Meniscopexy (suture) in anterior cruciate ligament reconstruction

Upon incurring a anterior cruciate ligament injury we also frequently see damage to the meniscus (shock absorber in the knee). In some cases, this is already obvious before the surgery by, for example, recognizable symptoms or through confirmation from the MRI taken. During anterior cruciate ligament surgery, we also always check how the rest of the knee is doing. This way we can be sure that nothing is missed that would make you have to go under the knife again later on. When it comes to the meniscus, we know of two techniques that can be used if surgical intervention is needed; cutting or suturing.

In a meniscectomy (cutting), the orthopedic surgeon chooses to remove the damaged part meniscus to be removed by shaver. This involves removing the patches attached to the meniscus. In a meniscopexy, these are sutured. The choice made depends on several factors. If at all possible, we do prefer suturing the meniscus. This is because we know that patients in whom we have removed part of the meniscus have a greater chance of developing osteoarthritis-related symptoms later in life. Mainly in the first phase of rehabilitation, there are differences between the cut and sutured meniscus. For example, a patient in whom the meniscus has been clipped may mobilize (walk) immediately under load and may use the full range of motion of the knee based on pain. Little difference from regular anterior cruciate ligament rehabilitation after surgery, then.  

A patient in which the meniscus is sutured should keep in mind that the protocol looks different for the first 6 weeks. The biggest differences here are seen in walking/loading the knee and moving the knee.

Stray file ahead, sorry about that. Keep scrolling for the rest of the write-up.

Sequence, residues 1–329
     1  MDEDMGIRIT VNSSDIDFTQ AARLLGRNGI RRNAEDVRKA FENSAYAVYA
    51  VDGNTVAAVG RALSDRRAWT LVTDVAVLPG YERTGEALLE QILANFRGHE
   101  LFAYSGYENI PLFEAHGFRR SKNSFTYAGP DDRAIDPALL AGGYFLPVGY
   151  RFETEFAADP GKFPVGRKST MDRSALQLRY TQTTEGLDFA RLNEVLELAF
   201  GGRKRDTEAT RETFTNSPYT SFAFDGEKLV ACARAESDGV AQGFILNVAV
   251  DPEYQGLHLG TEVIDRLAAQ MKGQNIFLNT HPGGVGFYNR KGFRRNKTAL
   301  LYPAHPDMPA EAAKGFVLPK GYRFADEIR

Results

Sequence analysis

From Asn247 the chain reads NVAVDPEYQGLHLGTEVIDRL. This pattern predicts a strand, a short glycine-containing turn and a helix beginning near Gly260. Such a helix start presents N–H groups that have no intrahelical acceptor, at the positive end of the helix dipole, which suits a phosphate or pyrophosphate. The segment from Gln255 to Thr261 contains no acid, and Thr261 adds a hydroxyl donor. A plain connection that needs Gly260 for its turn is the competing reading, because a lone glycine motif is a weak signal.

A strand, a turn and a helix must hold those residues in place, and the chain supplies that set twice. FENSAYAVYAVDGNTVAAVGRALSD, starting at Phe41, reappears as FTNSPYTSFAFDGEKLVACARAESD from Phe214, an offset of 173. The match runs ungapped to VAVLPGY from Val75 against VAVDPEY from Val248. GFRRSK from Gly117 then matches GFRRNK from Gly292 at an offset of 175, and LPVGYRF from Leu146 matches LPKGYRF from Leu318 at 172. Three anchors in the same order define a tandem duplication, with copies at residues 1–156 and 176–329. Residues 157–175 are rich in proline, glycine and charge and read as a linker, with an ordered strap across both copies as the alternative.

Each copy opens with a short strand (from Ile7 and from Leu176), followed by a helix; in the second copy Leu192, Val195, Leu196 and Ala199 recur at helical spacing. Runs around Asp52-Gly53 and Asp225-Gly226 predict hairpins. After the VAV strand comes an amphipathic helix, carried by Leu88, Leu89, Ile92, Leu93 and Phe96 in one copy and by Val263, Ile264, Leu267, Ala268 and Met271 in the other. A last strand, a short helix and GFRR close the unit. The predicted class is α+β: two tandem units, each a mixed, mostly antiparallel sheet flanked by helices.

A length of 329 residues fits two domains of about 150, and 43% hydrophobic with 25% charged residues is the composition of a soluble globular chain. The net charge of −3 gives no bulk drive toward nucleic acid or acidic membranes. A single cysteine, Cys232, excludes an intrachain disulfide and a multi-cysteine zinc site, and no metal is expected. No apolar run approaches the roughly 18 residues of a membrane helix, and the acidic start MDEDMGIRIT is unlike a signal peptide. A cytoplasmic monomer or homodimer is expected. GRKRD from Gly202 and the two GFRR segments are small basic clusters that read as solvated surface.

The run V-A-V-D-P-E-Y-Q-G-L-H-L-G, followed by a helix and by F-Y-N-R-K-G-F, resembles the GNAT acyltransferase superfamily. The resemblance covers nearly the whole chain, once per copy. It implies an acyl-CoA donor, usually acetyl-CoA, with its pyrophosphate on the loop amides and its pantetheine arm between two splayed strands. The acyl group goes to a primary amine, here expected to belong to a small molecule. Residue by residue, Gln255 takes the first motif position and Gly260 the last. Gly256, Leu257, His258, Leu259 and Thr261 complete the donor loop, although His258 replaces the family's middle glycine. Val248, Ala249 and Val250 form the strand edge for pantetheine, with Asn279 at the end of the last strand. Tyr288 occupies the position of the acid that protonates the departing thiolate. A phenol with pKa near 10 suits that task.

After all, with a suture, you may not:

  • Bend beyond 90 degrees for the first 6 weeks. 
  • Loaded walking, this is through the following structure:

Week 1-2: touch mobilization (walking) with elbow crutches.

Week 3-6: 50% loaded mobilization (walking) with elbow crutches.

Week 6+: build up to 100% loaded mobilization (walking) and decrease use of elbow crutches guided by pain and based on quality gait.

Meniscopexie

Fortunately, there is plenty to work on in the first phase of your rehabilitation! This way, we can ensure that you can make progress despite the above "restrictions. Do you have questions about your meniscus suture and the policies involved? Feel free to ask them!

At Fysio Fitaal Tilburg we help you get back on the field, on the track or in the gym as soon as possible! Together with our physiotherapists you work step by step towards a pain free and healthy situation to get back into sports with full enthusiasm. 

Do you recognize yourself in these complaints and are you looking for professional sports physiotherapy in Tilburg? Send an e-mail to info@fysiofitaal.nl or use the contact form below.

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